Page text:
Hundreds of mourners lay flowers at late Premier's Li Keqiang's childhood residence in eastern China

Hundreds of mourners have lined the streets and laid flowers near former Chinese Premier Li Keqiang’s childhood residence, a day after he died of a heart attack

Zen Soo
Saturday 28 October 2023 12:28 BST

Hundreds of mourners lined the streets and laid flowers near former Chinese Premier Li Keqiang’s childhood residence on Saturday, a day after he died of a heart attack.

Li was born in Hefei in the eastern Chinese province of Anhui, where he spent most of his childhood and youth. People came overnight to Li’s former residence at Hongxing Road No. 80 with bouquets of chrysanthemums and other flowers. Some bowed in respect, while others cried.

⁠⁠⁠⁠⁠⁠"Everyone is in sorrow," said Fei Wenzhao, who visited the site on Friday night. She said that the flowers laid out stretched 100 meters (yards).

The road leading to the residence was closed to traffic Saturday afternoon to allow people to pay their respects. The line stretched hundreds of meters.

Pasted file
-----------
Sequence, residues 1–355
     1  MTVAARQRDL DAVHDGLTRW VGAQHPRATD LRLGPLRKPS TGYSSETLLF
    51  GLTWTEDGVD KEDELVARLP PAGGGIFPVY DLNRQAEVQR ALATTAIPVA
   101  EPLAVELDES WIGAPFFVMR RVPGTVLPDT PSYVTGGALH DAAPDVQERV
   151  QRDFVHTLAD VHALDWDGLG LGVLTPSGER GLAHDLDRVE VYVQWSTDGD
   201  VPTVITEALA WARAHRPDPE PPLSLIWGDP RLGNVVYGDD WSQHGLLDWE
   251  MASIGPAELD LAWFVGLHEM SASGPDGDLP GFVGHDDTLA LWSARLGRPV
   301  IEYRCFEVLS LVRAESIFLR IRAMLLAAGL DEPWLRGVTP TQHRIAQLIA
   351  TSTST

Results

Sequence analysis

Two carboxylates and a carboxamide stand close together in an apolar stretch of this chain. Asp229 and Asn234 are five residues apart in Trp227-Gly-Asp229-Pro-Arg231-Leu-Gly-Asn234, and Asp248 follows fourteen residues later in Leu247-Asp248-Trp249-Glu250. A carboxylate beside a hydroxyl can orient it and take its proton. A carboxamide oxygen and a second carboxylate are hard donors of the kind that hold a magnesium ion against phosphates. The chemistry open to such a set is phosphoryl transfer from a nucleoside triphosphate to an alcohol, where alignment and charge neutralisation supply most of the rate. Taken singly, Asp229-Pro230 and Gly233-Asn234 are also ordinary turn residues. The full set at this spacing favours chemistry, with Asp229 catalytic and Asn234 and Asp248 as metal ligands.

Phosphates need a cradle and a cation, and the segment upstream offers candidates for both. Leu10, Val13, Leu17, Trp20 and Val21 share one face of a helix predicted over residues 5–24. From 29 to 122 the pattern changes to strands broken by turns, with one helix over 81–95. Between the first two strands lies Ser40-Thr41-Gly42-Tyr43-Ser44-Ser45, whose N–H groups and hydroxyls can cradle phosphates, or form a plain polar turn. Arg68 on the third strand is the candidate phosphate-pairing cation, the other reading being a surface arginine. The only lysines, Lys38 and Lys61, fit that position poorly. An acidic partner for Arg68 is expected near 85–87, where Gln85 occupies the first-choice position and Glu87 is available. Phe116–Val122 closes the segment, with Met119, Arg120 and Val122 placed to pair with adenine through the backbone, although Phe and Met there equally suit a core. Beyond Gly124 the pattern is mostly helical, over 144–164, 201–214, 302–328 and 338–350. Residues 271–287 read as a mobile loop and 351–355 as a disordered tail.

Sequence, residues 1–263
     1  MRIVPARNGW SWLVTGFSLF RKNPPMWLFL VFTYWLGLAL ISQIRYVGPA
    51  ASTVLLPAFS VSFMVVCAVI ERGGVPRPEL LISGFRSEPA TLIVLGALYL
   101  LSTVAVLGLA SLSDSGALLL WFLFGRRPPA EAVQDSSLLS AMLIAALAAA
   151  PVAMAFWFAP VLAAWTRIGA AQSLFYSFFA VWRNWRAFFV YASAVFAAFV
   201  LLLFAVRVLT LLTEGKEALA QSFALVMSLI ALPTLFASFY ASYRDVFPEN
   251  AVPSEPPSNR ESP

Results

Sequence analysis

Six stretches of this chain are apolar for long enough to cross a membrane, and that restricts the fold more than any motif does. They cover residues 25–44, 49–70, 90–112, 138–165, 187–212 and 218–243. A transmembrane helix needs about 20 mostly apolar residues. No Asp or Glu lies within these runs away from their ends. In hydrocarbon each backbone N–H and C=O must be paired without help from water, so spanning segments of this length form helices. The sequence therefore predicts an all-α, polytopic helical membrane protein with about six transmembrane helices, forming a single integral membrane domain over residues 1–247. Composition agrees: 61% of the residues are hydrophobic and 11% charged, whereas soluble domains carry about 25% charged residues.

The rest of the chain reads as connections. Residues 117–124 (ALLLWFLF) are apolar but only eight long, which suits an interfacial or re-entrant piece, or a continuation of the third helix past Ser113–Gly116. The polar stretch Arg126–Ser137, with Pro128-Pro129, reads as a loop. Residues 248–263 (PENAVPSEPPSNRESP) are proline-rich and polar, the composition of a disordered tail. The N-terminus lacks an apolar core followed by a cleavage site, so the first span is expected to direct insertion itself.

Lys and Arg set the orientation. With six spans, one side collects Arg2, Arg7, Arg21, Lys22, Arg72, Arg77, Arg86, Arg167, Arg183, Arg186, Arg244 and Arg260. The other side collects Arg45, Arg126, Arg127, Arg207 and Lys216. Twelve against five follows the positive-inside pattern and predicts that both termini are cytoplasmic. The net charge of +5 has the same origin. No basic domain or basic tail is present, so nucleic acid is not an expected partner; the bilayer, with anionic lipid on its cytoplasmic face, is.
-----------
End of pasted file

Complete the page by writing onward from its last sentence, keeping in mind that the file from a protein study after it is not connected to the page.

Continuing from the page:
Li, 68, was China’s top economic official for a decade, helping navigate the world’s second-largest economy through challenges such as rising political, economic and military tensions with the United States and the COVID-19 pandemic.

He was an English-speaking economist and had come from a generation of politicians schooled during a time of greater openness to liberal Western ideas. Introduced to politics during the chaotic 1966-76 Cultural Revolution, he made it into prestigious Peking University, where he studied law and economics, on his own merits rather than through political connections.

He had been seen as former Communist Party leader Hu Jintao’s preferred successor as president about a decade ago. But the need to balance party factions prompted the leadership to choose Xi, the son of a former vice premier and party elder, as the consensus candidate.

The two never formed anything like the partnership that characterized Hu’s relationship with his premier, Wen Jiabao — or Mao Zedong’s with the redoubtable Zhou Enlai — although Li and Xi never openly disagreed over fundamentals.

Last October, Li was dropped from the Standing Committee at a party congress despite being more than two years below the informal retirement age of 70.

He stepped down in March and was succeeded by Li Qiang, a crony of Xi’s from his days in provincial government.

His departure marked a shift away from the skilled technocrats who have helped steer China’s economy in favor of officials known mainly for their unquestioned loyalty to Xi.


Associated Press researcher Chen Wanqing in Beijing contributed to this report.

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